4 pointers when creating bespoke experience:
  • Understand the story you want to tell, from the receivers’ perspective. Enhance it by activating as many senses as possible per channel. Find new rooms and mediums – and pair, mix and enhance the narrative with traditional such as packaging, product design, POS and environments. The strongest impressions are still the haptic and spatial.
  • Innovate with empathy (not to be confused with sympathy). Create experiences that understand the user and build relevance.
  • Use data wisely. We have more data than ever, but it tells a one-sided story. Perceive the story behind the data. Use semiotics, and semantics; mix both explicit and implicit narrative in your communication.
  • Show your backyard, show the factory, be transparent, and let your receiver in.

Burger King ‘Real Meals’

Burger King comes after McDonald’s ‘Happy Meal’ by releasing ‘The Real Meal’. A range of meal boxes that come in various emotions. Because no one is happy all the time.

Burger King has released ‘Real Meals’, a range of meal boxes that come in various emotions and therefore sit in opposition to McDonald’s renowned Happy Meal. The chain is asking diners to order a meal based on their current mood, whether that is Pissed, Blue, Salty, YAAAS or DGAF.Burger King takes aim at McDonald’s with ‘Real Meals’. Burger King is taking creating on one of the most iconic fast-food meals of all time in aide of a good cause. The campaign is part of a collaboration with Mental Health America to coincide with Mental Health Awareness Month. The fast-food chain has even created a new hashtag, #feelyourway, to go along with the campaign that riffs off its regular catch-phrase of ‘have it your way’.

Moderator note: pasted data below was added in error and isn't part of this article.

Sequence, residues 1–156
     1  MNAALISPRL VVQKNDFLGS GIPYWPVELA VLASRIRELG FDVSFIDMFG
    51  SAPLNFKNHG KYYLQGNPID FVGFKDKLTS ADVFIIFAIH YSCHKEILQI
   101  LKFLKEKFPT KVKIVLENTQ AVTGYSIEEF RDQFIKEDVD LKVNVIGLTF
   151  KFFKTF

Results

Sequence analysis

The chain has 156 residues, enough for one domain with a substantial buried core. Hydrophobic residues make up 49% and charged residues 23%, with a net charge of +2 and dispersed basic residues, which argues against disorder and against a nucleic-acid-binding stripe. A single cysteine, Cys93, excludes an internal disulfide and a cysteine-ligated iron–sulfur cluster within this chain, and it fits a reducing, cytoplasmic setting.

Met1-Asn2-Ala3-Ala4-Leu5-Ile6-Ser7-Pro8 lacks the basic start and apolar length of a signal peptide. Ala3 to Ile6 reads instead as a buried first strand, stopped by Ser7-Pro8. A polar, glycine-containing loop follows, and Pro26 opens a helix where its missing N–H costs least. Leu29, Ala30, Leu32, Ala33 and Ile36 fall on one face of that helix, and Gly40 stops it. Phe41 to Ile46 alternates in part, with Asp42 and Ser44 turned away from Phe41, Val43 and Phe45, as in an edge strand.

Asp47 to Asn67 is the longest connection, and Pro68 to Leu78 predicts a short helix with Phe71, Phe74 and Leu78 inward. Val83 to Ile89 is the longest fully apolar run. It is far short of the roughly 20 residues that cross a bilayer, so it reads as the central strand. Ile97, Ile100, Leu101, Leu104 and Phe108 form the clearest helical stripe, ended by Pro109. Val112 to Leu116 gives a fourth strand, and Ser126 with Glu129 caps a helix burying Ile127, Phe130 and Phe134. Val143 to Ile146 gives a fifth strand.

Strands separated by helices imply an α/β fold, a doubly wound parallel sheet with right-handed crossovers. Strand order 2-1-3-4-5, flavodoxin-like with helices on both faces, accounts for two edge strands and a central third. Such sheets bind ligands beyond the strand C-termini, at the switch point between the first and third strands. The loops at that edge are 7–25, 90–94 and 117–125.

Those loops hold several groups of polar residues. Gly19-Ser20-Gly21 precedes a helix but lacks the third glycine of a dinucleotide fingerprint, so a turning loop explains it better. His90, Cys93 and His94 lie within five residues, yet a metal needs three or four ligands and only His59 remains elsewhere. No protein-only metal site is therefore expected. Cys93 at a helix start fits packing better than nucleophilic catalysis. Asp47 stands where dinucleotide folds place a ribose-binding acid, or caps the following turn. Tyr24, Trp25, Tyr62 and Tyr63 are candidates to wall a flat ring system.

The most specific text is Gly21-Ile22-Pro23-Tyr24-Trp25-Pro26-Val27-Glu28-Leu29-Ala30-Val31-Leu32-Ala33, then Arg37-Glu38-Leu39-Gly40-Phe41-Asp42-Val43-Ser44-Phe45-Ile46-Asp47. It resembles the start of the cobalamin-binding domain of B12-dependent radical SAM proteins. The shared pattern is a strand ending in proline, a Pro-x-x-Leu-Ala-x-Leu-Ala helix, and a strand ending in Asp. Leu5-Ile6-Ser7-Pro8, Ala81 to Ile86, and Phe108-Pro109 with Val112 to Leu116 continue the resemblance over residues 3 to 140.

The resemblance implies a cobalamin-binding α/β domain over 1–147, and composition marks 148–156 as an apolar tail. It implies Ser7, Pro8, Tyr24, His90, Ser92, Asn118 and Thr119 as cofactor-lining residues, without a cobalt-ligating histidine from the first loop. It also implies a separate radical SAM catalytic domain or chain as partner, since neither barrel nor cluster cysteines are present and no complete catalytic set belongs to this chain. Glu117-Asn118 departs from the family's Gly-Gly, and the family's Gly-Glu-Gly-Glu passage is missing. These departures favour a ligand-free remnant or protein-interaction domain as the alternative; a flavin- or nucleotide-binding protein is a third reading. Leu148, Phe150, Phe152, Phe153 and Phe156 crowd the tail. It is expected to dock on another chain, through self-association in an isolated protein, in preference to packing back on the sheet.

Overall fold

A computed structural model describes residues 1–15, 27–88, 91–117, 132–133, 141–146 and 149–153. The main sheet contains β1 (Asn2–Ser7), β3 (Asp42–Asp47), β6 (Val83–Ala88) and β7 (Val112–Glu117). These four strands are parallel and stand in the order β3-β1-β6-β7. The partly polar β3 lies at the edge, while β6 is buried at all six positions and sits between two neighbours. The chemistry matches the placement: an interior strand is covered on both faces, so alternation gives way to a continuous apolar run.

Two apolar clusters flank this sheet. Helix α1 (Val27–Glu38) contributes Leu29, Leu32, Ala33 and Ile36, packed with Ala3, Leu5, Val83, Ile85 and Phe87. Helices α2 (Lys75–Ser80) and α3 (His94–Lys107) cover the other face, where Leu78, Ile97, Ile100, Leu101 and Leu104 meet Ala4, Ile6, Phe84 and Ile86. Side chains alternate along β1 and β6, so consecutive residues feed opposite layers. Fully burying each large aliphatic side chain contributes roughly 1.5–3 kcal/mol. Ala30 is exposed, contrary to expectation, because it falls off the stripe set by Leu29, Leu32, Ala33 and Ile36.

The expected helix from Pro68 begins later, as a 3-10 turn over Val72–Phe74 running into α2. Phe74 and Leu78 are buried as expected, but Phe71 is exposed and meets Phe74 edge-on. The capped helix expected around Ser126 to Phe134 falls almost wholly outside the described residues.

By Kristina de Verdier on 7 May, 2019